Break time is over – but heat is still on for workers
… and it’s not over yet for workers, report Mahak Mannan and Ismail Sebugwaawo
Firms are being urged to keep on taking precautions for employees working outdoors even after the midday break rule ends today. The rule bans labourers from working under the heat between 12.30pm and 3pm throughout the intense summer heat. However, come Sunday there will be no legal requirement for firms to give an extended break, meaning for many labourers they will be back to eight-hour shifts with one hour off. However, some construction companies have told 7DAYS they will voluntarily be extending breaks if deemed necessary. Ossama Mohamed Hantash, construction manager at a Seidco site on Reem Island, said that the Ministry of Human Resources sends out advisories to firms when conditions are expected to be bad. “It is still very hot and the actual status within the site is hotter, we cannot make people work in those conditions continuously, no one should be working in such hot temperatures,” he added.
“So whenever the temperature goes higher than 40 degrees Celsius and humidity exceeds normal levels, we give longer breaks of up to three hours.”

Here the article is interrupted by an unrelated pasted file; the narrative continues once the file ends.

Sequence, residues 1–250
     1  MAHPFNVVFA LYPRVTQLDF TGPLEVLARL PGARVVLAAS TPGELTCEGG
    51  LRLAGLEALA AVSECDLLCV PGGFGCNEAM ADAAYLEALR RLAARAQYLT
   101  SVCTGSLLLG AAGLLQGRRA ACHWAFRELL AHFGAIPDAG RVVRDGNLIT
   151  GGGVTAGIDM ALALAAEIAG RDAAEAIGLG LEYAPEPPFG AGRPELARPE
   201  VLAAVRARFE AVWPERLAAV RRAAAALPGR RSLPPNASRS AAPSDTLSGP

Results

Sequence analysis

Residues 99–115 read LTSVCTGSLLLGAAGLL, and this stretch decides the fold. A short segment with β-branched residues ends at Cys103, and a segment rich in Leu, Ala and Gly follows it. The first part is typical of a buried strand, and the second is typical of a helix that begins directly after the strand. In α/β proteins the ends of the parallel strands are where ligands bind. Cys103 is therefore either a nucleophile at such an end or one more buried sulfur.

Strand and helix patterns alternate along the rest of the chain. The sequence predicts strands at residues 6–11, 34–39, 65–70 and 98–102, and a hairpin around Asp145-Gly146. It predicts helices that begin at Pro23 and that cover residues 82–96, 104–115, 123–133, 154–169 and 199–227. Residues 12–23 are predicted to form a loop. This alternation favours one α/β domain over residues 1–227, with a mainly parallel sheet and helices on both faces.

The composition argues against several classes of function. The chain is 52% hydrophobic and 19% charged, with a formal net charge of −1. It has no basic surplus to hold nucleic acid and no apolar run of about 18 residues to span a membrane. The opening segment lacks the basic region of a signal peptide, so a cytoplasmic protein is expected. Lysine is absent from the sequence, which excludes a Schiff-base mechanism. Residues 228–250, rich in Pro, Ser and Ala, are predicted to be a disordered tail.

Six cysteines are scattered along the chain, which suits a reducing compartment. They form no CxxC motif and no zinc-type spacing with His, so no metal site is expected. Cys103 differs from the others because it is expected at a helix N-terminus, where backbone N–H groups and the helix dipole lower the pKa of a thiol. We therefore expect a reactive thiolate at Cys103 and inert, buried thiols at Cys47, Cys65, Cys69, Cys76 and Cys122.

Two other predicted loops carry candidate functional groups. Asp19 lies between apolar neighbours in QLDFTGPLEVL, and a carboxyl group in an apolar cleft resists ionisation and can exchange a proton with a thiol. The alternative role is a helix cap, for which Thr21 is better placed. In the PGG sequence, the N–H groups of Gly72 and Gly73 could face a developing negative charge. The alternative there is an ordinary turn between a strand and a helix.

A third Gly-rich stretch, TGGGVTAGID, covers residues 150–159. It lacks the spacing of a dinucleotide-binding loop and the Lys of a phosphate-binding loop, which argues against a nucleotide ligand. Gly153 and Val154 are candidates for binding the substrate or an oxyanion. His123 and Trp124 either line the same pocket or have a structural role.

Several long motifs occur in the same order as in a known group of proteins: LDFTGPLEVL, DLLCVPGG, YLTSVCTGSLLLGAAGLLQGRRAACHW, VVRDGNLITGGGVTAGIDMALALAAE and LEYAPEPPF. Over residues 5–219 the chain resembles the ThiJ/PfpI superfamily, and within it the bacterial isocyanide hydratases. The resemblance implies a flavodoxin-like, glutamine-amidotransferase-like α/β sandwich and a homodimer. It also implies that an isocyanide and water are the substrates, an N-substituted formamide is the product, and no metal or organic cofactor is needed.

Meanwhile, Benjamin Omoziku, a safety engineer at Seidco, said this year has felt much hotter compared with 2015.
He said: “In July we had up to 12 cases a day of dehydration or heat related issues and August was the peak when we saw up to 18 cases a day.”
Temperatures in the coming week are expected to reach highs of 42C, while humidity is expected to go up to 81 per cent, according to weather service accuweather.com.
The heat remains sapping, according to some workers.
Indian labourer Kashmeer Singh, 48 said: “It is still very hot, we still feel very hot during the day and we are so used to having three hours off it will be a little difficult to go back to having only one-hour breaks. We hope to get longer breaks if the conditions get bad,” he added.
And Bangladeshi worker Mohammed Sulayman, 26, said: “We will feel the pinch in the change of schedule for a few days and will take a couple more to go back to normal schedule.
“We will go back to keeping our own personal one litre water bottles with us individually because it is going to be hard.”
Giving workers an extended break on hotter days is very important, said Dr Ana Burattin, from the Endocrinology and Metabolic Diseases Department at Burjeel Hospital.
She said: “When the temperature outside is more than our body, it starts to become a health problem and days now are still very hot.
“We can sweat up to one litre if we stand outside in the heat for an hour, which means longer and regular breaks are very important.
“Also good work scheduling by avoiding heavy work closer to midday is needed.”
COOLING DOWN: Workers trying to beat the heat yesterday in Abu Dhabi